If you’ve been trying to crack this nut called fiction for long, you’ve probably encountered your fair share of ups and downs. Maybe you pushed through a character problem and finally made it to The End. Perhaps you’ve won contests, gotten a full request from an agent, or even published your first book. But then, there were the seeming failures—low sales, rejections, not placing, getting tangled in plot points. If you’re like most people including myself, I linger on the lows more than I celebrate the highs. The problem is, that’s the exact wrong thing to do. If you want to succeed as a writer, you’ll have to get past your fiction fails.
Don’t Let Fiction Fails End in a Shame Spiral
According to the experts, failing can easily become a shame spiral that sends people into a loser vortex—not to worry you, lol. Apparently winning pumps us full of endorphins and testosterone, priming us for more winning. Losing does…the opposite. How do we deal, then, when rejection is a part of a writer’s life?
Don’t dwell on it. Accept the rejection and move on. I’ve had two manuscripts pitched by my agent to all the big publishers with high expectations. Twice, they’ve passed. I’m not going to lie—it hurt at the time, and it would be great to be raking in royalty checks right now. However, I’ve been holding onto a piece of advice that’s stuck with me ever since the very talented, best-selling author shared it: it’s better to be unpublished than published badly. I’ve chosen to see each new manuscript as a chance to get my strongest work out there for my debut. Positive thinking—it’s the best cure.
Reframe Expectations by Marking Progress
Remember the part about staying positive? Sometimes that’s easier said than done. How are you supposed to bounce back from a form rejection, a bad review, or dismissal sales? First, reframe expectations. So things didn’t go perfectly. So what? This is all a learning experience—as long as you make it one. If you keep doing the same thing again and again, receiving the same response, maybe it’s time to reevaluate your approach. What are concrete steps you can take to improve your results next time? This is a subjective business—sometimes the issue is just a matter of taste. Other times, you can learn and do better. Could you get a critique of your query letter to make it as catchy as possible? Could you take an online class about self-publishing? Can you reach out to other book reviewers who vibe with your work? Then, mark your progress. Write it down. What have you done to improve and how has it changed your results? You’d be amazed how this exercise can make you feel more confident.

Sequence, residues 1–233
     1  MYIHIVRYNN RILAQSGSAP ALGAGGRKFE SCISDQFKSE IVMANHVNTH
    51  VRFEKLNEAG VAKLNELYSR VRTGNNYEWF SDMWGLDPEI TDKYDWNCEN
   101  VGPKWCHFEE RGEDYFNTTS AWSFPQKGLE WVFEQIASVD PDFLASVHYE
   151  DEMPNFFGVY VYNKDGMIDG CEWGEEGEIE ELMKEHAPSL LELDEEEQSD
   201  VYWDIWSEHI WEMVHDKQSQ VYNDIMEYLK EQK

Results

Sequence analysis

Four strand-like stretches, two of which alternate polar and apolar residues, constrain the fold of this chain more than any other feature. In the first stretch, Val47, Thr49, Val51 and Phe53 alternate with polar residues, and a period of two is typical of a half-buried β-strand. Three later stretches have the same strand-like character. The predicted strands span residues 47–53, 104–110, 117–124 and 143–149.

Writing is a hobby until you’re published. Even when you do (and should!) take it seriously, unpaid work comes after paid work, housework, childcare, spouse care, and self-care. We’re doing this in our nonexistent spare time, people! Let’s give ourselves grace. So we didn’t write a flawless bestseller the first time we put pen to paper. I wouldn’t call that a fail. Let’s instead name what it is: a learning experience. So the first story you upload doesn’t hit. So what? Write another. So the first thirty agents tell you no. Big deal. Query another thirty. So your first draft is a disaster. So what? Get a second opinion and rewrite it. The quickest path to failure is quitting. Stay persistent. Keep trying. Keep at it. You’re a writer, after all—it’s what you do.